Expanding Definitions of Career Readiness
The academic community has responded with vigor and good intentions to ensure our students will be college- and career-ready. In fact, 70 percent of our students enroll in colleges within two years of high school graduation, according to the Harvard Graduate School of Education's "Pathways to Prosperity" research. In addition, many public school systems set district goals aimed at increasing college-enrollment figures.
But does the mind-set of college for all necessarily secure our students' successful entry into a career?
The unfortunate fact is that more than half of college graduates age 25 and under who have attained a bachelor's degree are either jobless or underemployed in a position that requires no more than a high school diploma.
As the rhetoric surrounding the Common Core State Standards intensifies, our view of career readiness has become intertwined with the notion that all students should be encouraged to pursue a college degree or a high-tech career path, or else we as educators are shortchanging them. However, 27 percent of workers in the skilled labor force who hold postsecondary licenses or certificates earn more than college graduates with bachelor's degrees, according to Georgetown University's Center on Education and the Workforce.
It is time to broaden the lens through which we define career readiness to include opportunities to prepare students for careers in the skilled labor force. A vibrant, well-funded career and technical education, or CTE, program can be an outstanding asset within a comprehensive high school.
Unfortunately, my concern is that the viability of CTE programs could face an uncertain future as school budget pressures increase, the rigor of academic standards is challenged, and greater value is placed upon high-stakes, state-mandated assessments.
CTE's lack of prominence in the education reform conversation conveys a general belief that, if our aspirations for students were higher, we would not counsel our young adults to pursue a career in the skilled trades.
As education leaders, we have an obligation to reorient ourselves and our constituents to valuable learning opportunities offered through CTE. Many students flourish when challenged to integrate academic skills with real-world applications. The study of construction technology, culinary arts, automotive technology, and numerous other CTE offerings provides a rich context for the application of skills in literacy, numeracy, and the sciences. The project-based component of CTE is rich with examples of performance-based assessments, often more such examples than teachers in academic core subjects could ever hope to design in their content areas.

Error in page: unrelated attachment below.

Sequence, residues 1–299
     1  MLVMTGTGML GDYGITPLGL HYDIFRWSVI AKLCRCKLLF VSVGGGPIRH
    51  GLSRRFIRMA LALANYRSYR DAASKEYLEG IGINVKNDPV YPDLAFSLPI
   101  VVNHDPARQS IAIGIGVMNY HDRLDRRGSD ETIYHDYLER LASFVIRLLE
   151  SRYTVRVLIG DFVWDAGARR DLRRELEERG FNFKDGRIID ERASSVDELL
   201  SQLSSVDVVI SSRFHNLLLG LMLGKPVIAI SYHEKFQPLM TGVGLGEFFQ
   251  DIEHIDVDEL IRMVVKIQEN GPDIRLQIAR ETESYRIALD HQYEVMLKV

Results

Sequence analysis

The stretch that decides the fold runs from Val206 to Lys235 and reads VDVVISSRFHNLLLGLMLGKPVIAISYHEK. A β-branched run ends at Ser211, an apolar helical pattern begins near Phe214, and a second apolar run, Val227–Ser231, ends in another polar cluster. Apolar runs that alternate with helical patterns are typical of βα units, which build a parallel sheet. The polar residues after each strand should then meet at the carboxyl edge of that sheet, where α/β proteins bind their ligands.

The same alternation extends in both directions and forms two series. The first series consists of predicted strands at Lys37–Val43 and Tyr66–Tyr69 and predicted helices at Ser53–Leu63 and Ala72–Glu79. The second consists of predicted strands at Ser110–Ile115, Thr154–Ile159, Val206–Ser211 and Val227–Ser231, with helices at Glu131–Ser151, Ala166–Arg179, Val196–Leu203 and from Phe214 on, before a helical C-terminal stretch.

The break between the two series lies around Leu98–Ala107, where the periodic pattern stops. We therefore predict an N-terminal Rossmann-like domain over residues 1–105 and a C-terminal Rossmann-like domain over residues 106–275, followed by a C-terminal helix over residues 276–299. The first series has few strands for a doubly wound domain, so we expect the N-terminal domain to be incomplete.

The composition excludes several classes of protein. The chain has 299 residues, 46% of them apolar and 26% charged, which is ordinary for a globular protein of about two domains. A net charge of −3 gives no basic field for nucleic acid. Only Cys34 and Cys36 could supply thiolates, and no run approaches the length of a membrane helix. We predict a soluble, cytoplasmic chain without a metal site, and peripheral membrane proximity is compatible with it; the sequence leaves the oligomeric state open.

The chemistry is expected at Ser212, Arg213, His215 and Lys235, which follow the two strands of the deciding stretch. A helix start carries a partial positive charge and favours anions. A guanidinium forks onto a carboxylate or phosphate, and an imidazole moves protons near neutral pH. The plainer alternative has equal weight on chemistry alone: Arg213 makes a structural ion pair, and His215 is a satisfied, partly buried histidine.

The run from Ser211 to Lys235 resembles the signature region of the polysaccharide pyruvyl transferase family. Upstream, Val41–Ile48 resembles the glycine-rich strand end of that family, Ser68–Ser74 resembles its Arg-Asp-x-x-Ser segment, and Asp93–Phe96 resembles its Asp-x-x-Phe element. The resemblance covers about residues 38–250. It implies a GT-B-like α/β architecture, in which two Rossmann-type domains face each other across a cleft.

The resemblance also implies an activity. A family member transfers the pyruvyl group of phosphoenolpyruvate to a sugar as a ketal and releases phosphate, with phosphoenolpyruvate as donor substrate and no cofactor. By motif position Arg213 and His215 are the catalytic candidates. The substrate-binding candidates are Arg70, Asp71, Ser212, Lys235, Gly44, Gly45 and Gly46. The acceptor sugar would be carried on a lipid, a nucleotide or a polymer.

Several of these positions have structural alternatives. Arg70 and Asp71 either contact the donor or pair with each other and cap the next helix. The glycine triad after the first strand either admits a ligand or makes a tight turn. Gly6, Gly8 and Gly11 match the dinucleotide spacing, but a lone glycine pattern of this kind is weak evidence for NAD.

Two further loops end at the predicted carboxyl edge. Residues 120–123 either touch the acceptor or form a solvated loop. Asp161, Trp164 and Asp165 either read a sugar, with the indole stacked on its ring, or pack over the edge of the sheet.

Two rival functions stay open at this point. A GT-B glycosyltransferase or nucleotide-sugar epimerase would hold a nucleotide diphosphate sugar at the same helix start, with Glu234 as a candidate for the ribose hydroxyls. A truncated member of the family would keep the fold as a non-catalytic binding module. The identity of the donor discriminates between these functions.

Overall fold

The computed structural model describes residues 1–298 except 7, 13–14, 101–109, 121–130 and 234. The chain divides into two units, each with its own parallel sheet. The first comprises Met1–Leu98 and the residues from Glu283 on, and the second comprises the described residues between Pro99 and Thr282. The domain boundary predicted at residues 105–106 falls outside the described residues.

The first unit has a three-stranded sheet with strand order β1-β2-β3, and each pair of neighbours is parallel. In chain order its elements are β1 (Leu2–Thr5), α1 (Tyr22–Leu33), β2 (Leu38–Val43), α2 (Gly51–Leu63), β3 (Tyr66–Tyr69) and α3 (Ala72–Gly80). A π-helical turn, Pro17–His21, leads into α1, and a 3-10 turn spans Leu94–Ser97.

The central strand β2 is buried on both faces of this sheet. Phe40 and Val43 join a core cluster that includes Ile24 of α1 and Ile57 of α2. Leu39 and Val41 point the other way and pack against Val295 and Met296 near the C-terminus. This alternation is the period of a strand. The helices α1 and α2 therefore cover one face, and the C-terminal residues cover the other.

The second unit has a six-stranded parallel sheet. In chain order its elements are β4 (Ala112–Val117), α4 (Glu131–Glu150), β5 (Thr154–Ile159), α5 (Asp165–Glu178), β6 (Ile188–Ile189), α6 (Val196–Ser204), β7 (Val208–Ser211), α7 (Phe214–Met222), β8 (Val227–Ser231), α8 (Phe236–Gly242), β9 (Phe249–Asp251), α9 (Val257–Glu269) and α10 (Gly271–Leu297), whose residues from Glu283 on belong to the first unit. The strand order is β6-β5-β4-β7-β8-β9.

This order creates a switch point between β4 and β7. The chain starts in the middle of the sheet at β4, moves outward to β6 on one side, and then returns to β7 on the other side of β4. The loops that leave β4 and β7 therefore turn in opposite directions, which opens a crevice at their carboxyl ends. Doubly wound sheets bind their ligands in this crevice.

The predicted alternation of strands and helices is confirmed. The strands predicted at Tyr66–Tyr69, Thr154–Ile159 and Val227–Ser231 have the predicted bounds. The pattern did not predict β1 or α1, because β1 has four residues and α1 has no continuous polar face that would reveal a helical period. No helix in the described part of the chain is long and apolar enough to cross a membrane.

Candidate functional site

We must strengthen partnerships with local industry and corporate leaders, as well as regional trade associations, as an essential element of community outreach for any school district seeking to support high-quality CTE programs in comprehensive high schools. We must seek sponsorship from these groups to provide funding for the latest technology to equip the classroom and to support the curriculum with advanced training of faculty members and students.
We must promote the rigor that is inherent in well-designed CTE programs by meeting the 21st-century needs and industry standards of our local employers. Articulation agreements should be designed with local community colleges and other postsecondary institutions to enable students to earn advance credit toward credentials or certificates while still attending high school. In partnerships forged with care, career placement for students becomes the logical result.
Above all, we must nurture within our school communities the understanding that the skilled trades are an honorable, fulfilling, and lucrative postsecondary career option for many of our students. Then we must invest in revitalizing our CTE programs to provide these students with a meaningful exploration of the skills required to be career-ready to meet the demands of their chosen career pathways.
Vol. 33, Issue 24, Pages 28-29
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